At one of my previous addresses, we lived near Glicks’ bakery, home of about 10 different types of bagels. I used to drop in there every few weeks and stock up on a bagful of sesame seed or poppy seed bagels for lunches, as well as the odd blueberry or cinnamon and raisin for breakfast. They were always super fresh and super yummy. But since moving away, the bagels have been few and far between. We found a baker at one of our Farmer’s Market who sold lovely small ones which were perfect for Son 1’s school lunch, but otherwise, we were lumped with the expensive intermittent supply from a deli at Chadstone.

 Until I popped into Thomas Dux the other week to get some spice supplies (to make Chai tea from scratch, but more about that when I’ve sourced all of the spices!). Sitting in a tub at the front were bags of Glick’s bagels, just waiting to take home and slather with cream cheese. O Joy! O Rapture! They were happily devoured by the Family, which got me thinking – I have made pretzels successfully, surely bagels can’t be that more difficult? In fact they are possibly easier due to their no-twist shape. So after a quick Google search I found a recipe ( and with a quiet Saturday in my hands, I gave them a go.

 And I was right – just as easy as making pretzels, but without the rolling-twisting. And she was right, they tasted Ah-mazing out of the oven.  So I very much look forward to putting together some of my own cinnamon and raisin bagels for those I Don’t Want Cereal But Can’t Be Bothered Cooking Something breakfasts. Exxxxcellent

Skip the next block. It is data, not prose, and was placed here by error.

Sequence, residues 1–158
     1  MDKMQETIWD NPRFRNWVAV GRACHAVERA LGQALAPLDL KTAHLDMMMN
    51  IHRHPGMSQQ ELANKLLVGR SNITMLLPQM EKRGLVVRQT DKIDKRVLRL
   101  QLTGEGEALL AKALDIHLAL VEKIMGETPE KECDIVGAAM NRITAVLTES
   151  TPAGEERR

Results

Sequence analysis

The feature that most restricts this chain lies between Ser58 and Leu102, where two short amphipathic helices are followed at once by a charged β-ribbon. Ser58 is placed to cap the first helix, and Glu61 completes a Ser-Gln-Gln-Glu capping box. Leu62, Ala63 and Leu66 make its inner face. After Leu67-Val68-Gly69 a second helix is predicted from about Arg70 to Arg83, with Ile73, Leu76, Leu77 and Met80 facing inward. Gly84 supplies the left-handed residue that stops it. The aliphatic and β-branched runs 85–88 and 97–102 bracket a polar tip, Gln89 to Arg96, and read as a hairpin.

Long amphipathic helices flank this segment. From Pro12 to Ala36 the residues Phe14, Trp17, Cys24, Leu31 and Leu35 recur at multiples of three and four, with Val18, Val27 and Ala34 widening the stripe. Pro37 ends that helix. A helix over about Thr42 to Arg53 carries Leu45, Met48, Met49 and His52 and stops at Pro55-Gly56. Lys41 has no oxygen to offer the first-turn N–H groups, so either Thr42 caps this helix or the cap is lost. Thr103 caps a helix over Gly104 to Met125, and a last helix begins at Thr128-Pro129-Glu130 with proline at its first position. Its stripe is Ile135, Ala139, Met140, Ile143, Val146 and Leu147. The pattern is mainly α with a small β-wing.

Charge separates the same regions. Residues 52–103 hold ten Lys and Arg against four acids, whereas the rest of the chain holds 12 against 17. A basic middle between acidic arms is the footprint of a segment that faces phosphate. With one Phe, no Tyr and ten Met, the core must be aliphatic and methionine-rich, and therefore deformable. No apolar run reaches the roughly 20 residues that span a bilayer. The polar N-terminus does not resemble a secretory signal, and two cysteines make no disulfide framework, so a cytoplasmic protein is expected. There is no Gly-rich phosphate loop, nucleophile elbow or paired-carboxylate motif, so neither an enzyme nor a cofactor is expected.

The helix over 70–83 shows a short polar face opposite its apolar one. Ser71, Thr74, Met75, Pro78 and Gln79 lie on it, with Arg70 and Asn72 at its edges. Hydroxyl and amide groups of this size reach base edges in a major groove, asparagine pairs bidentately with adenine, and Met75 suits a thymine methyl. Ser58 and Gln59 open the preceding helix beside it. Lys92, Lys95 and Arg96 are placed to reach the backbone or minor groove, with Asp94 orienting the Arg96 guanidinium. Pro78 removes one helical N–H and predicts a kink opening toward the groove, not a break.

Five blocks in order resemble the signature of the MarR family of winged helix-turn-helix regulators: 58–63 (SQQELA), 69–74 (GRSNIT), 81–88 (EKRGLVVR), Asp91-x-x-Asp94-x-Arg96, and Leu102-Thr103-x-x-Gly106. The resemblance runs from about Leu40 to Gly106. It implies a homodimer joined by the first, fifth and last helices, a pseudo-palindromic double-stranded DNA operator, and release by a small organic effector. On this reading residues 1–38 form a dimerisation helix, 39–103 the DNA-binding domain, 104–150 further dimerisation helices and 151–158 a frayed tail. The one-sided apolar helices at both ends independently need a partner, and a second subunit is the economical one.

Pre boil.....

  Straight out of the oven and ready to eat - yum!

Tuesday, 10 July 2012


 Hubby pointed out to me a few months back, that in our group of friends, we have three couples where one half is from overseas and now living in Australia. “We should get them together so they can chat about it” say he. Brilliant Idea thinks me who will use any excuse for a dinner party-catch-up, especially a themed one. And so the ExPats dinner was born.

 And after much planning and co-ordinating of schedules it finally happened at the weekend.

 So what do you cook when you have and Englishman, Frenchman and an American come over for dinner? A little bit of “home” for each of them. Which I thought would be super easy when I had that flash of inspiration, but it turned out to be a bit trickier than I thought.

 Some parts were a no-brainer; my Frenchman friends loves Madeleines as well as gougeres (which are these lovely cheese puffs made with gruyere cheese), so they were first onto the menu. As it was scheduled for a cold weekend in July, I though Boeuf Bourguignon would be lovely and hearty (and not require too much last minute fiddling once my guests had arrived), and what goes better with beef but Yorkshire puddings?!?! Two countries down, America to go. I scanned through my well-thumbed copy of Jamie's America, but was a bit short on Inspiration, apart from Would You Like Fries With That??  I was leaning towards a Waldorf salad to counter the heavy beef and pudding, but then a girlfriend suggested Mac N Cheese. Admittedly a bit carb heavier than I would have liked, but I had cooked it several times before (which was something I was trying to do with this dinner – usually I will use a dinner party to try new recipes. But with 8 to cook for I thought I would be a bit sensible and Stick with What I Know) AND it was a Cook Earlier and Leave dish; also one of my criteria (I do so like to chat and drink with my guests once they arrive and not be stuck in the kitchen if I can avoid it!). So that was locked in until my American’s Wife sent me a list of Thing to Cook (“… but we won't come without bringing a dish... So you have to choose one of the seven options!) – bless her, she knows that I like to do it all myself! And wouldn’t you know it, but number one was “Yam/Sweet Potato Casserole (Mom's Recipe)”.